Clearly, a huge part of consciousness is how we perceive the world. One interesting way to study perception and its relation to consciousness is by studying visual perception, which many people claim to be the focal point of consciousness. There are two visual streams into which primate cortical vision is divided: the dorsal and ventral streams. The dorsal stream, which runs through the parietal lobe, involves spatial perception, particularly of visual motor movements in one’s environment. The ventral stream, on the other hand, which runs through the temporal lobe, involves categorical perception, particularly of conceptual visual stimuli in the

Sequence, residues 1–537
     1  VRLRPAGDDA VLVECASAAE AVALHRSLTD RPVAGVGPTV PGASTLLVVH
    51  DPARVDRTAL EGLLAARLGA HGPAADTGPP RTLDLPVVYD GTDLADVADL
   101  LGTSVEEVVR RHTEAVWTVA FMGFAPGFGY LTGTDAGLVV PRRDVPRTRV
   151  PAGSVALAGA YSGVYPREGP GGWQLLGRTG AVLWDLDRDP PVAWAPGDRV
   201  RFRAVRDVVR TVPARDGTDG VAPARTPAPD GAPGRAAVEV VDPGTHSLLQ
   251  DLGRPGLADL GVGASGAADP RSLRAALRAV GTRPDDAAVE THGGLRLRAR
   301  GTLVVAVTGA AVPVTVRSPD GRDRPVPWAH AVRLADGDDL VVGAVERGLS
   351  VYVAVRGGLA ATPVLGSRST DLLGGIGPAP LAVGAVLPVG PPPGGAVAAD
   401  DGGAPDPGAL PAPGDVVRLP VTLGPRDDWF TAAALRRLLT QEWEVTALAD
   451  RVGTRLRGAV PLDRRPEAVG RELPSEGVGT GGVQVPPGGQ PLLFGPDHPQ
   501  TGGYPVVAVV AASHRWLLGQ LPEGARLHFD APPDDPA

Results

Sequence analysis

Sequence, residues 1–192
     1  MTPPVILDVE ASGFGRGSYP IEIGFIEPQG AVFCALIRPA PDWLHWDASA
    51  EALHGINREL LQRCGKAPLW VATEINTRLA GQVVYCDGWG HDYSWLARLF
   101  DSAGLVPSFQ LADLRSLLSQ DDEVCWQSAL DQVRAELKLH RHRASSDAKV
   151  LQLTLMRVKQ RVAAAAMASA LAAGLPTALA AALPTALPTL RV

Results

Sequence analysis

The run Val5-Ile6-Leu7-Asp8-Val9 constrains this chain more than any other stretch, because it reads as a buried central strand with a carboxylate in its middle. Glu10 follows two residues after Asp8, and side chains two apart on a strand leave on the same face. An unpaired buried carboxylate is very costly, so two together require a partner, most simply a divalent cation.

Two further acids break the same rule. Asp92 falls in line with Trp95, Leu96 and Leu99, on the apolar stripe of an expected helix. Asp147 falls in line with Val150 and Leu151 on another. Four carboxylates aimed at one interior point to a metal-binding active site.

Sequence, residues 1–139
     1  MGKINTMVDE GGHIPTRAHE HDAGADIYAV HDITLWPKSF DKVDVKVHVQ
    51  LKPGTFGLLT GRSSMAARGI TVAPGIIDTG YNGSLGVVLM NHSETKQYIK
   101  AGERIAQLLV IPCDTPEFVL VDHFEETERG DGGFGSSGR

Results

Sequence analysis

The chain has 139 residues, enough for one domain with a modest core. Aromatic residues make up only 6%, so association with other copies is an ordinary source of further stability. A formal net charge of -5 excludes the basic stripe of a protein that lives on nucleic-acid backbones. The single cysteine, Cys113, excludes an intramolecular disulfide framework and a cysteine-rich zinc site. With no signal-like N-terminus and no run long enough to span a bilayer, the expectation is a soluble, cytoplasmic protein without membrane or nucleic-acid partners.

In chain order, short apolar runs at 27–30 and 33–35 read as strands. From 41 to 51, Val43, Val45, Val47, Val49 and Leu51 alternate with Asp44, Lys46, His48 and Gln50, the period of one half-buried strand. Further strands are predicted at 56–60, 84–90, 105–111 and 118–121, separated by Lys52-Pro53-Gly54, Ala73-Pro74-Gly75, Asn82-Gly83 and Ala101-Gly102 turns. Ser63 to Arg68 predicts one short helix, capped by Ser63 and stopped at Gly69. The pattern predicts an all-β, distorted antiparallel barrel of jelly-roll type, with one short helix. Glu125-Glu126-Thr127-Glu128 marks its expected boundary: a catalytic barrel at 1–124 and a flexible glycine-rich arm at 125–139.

environment. Interestingly, lesions to the dorsal stream do not affect conscious vision. What does that mean? Well, a lesion to the dorsal stream can lead to optic ataxia, a condition that leads to difficulty in motor responses to visual stimuli without the issues of visual perception. In other words, people can perceive visual objects, but are unable to complete tasks like reaching or grasping for the objects in question. Thus, the dorsal stream is often equated to unconscious vision, in that someone unconsciously perceives the object. In contrast, a lesion to the ventral stream does affect conscious vision, and can lead to a condition called visual agnosia. Visual agnosia causes people to not be able to perceive the form of an object or visually categorize / recognize it. Thus, the ventral stream is equated to conscious vision, and is thus tied to normal activity in the primary visual cortex (V1). Another interesting effect of lesions to V1 that give us more clues to NCC is blindsight. People with blindsight maintain the ability to behave and respond to visual stimuli, such as avoiding obstacles, despite the fact that they claim to not consciously see / perceive the stimuli. Recently it has been proposed that blindsight could be attributed to alternative processing pathways such as the lateral geniculate nucleus (LGN) in the thalamus, the pulvinar, and the superior colliculus (SC), which are all relay centers in the visual sensory and processing pathway. The main controversy surrounding blindsight though is whether or not it truly engages unconscious vision. This controversy is fueled by the claim that subjects can minimally detect visual stimuli, but they do not report them as conscious visual perception because they are not confident enough in their limited perception.